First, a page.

View Full Version : through the wall 120g

03-09-2003, 04:00 PM
i am installing my new 120 in the wall of the dining room :P . the tank will actually be in my closet, as well as all "mechanisms". this was going to be a saltwater reef tank, but too many variables, too expensive for livestock and reef matter etc :cry: . i want to know if some of the items for water purification/clarity i have been looking at could/should be incorporated in the new set up. this will be a cichlid tank, first inhabitants will be the "boys from the 55" red oscar 7.25 in long, hap livingstoni 6.5 in, and jack dempsey 5.5 in long. what do you think about... 1)protien skimmer 2)sump 3) bio balls 4) cannister filter 5)undergravel 6)uv light. i want the cadillac setup with low maintenance, do not mind the price of the equipment so much, but just want to see if some of these items can be incorporated in what i want. :?:

03-09-2003, 06:20 PM
Hi Hvac4u,

All of your components will work in a freshwater set-up, except the protein skimmer. Skimmers will have no effect on your tank what-soever.

The only benefit might be that you will raise your O2 level a bit, but I think thats over-kill. Your lighting though top of the line is IMO to bright for cichlids.

Just a quick note on your current inhabitants, they have differing PH requirements for optimum health. The Oscar prefers softer water than your Jack or Living. Not a S. American expert, but I believe the Jack is a Central American and can tolerate higher PH range that the Livingstoni will need in order to prosper.

I think you will need to decide what type of TANK you are going to keep, a High PH, Neutral, or Acidic. You should test your water and see what comes out of the tap. It will make your life easier, but who said cichlidiots prefer the easy way :lol:

If you go with what come out of your tap, you won't need water purification, unless you have other issues with your tap water-I would test it for all parameters before you go buy anything too expensive.

Test it for PH, GH, KH, Nitrite, ammonia, Nitrate and maybe heavy metals.

If your going to spend a lot of $ on your set-up, spend a bit more and have your tap water analyzed proffesionally.

Go to fish stores and on the web and research fish that pique your interest, and will prosper under the conditions you can best provide.

I think you will get a lot of replies on this topic, hopefully a New World cichlid person will respond, specifically about your Jack.

Good luck,


03-09-2003, 08:03 PM
Do not use an undergravel filter with your cichlids. The lighting will also have to be less bright. A standard fluorescent light that comes with an economy hood will be fine unless you are keeping plants. If you want live plants you will want stronger bulbs (not sure on specifics). Do not use a protein skimmer with fresh water either, the water will not 'fizz' as salt water does, and the skimmer will be useless. For a tank that size i would go with a wet/dry unit for your filter. You can purchase one for around $250, or you can make one for about $150. They are top of the line filtration. As for the uv sterilizer. I have heardthey can be dangerous to your tank and you, and you should definetly research them and know how to use one before buying one.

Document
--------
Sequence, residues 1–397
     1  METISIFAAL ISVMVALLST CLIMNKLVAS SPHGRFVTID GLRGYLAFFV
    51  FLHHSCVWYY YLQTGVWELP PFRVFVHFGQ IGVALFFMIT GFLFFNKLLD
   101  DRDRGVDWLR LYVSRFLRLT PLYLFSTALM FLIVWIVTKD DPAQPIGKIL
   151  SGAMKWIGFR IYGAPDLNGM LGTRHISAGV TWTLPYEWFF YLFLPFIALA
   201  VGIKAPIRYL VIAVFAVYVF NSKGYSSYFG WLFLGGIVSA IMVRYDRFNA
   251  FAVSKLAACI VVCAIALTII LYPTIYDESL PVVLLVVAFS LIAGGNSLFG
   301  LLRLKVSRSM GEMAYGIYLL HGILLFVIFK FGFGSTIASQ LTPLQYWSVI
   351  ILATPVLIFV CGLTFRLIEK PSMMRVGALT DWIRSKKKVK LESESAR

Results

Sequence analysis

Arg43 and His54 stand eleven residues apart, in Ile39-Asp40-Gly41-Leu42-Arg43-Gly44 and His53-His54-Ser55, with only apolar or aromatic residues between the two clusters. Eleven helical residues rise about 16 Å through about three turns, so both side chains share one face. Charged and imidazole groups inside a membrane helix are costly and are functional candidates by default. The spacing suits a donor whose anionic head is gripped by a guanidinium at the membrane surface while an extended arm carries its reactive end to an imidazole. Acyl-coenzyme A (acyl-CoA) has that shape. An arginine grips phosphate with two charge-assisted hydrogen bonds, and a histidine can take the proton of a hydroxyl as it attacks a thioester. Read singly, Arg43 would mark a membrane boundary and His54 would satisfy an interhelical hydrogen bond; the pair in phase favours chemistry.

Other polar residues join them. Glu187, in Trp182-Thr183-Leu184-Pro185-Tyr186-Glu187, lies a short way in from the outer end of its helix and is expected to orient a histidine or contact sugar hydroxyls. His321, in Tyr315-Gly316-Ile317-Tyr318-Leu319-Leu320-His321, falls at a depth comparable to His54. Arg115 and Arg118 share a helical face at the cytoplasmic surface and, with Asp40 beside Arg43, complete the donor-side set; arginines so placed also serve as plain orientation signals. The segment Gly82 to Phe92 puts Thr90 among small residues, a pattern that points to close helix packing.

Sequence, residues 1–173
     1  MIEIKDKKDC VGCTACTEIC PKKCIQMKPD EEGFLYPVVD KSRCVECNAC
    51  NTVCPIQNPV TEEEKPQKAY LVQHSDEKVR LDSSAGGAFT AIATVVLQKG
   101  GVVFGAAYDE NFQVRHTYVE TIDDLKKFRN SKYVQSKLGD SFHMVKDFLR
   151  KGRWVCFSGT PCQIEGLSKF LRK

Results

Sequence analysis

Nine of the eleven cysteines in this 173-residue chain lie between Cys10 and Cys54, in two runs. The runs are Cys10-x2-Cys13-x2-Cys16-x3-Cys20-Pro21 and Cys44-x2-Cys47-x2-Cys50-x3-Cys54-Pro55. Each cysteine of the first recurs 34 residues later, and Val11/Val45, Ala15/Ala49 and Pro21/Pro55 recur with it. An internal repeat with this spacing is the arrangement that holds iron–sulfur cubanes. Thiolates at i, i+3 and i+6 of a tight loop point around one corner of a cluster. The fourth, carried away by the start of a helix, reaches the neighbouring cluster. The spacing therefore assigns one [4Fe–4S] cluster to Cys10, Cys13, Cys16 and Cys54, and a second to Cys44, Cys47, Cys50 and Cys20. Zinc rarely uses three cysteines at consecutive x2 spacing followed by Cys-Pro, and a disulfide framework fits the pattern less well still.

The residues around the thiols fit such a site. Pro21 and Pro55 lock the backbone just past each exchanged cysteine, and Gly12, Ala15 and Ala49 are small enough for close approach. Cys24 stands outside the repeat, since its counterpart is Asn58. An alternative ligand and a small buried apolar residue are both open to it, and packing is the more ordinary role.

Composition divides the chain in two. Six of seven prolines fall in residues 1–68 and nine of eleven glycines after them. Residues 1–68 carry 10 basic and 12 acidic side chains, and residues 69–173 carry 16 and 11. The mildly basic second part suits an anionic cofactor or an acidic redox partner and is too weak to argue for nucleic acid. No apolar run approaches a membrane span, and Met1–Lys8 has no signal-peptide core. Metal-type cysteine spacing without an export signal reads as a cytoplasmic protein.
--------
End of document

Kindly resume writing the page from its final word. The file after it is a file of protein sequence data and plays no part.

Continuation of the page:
Now for the inhabitants. I would test your water for pH and hardness. pH is the main factor in a fish's health (along with water quality and low stress) and hardness takes second. While hardness isnt quite as important, redings very low or very high could cause problems. Oscars are south american cichlids, jack dempseys are central american, and the hap livingstoni is african. They all have different water requirements, and while oscars can adjust, they will be happier in softer neutral water. The other two prefer hard water, and the african needs a pH of 8.2-8.6, while the jack dempsey should have 7.2-7.6. They can all live together, but i would not recommend it. You would be better keeping your african in the 55 and only putting the oscar and jd in the 120. You could also add some bottom feeders like raphaels and plecos or large cory cats.

If you are going for low maintenance forget about the oscar. They are poop machines, and you WILL need to vacuum the gravel.. etc. I would really decide what you want to base your tank around. If you like the oscar better, i would put him with a severum or some firemouths. Whereas, if you prefer the jack dempsey, i would put him and a green terror with a few convicts. Good luck making your decisions, and i hope the tank turns out great!! :D

03-10-2003, 07:20 PM
did not know about different ph needs for these guys. protien skimmer is out now, as well as uv light. hate to hear that about the UG filter, but as a weekly vacuumer, i can relate! :D BTW thanks to whoever moved me over here, was not sure where to post!

03-11-2003, 06:24 PM
I have used an UGF in my cichlid tanks for ten years. I use it in reverse flow powered by power-heads with sponge pre-filter. I have had great success with this, it pushes up the detritus out of the filter bed where other filters can remove it.

However, I am now converting to a sand substrate for various reasons.
1) takes out the unsightly power-heards and sponges.
2) Sand is easier to maintain.
3) sand looks so good.

Now if you want to use an UGF you can, but you must make in cichlid-proof, which is easy enough to do. If you want I will walk you through the steps. I just like to take the opposition point sometimes. There are no absolutes, and to just tell someone not to use an UGF without an explaination disturbs me.

Now the pro's of using an UGF.
1) great as a biological filter bed.
2) used in reverse-flow, gravel stays clean, you still need to vacuum though.
3) gravel looks good too.

The cons.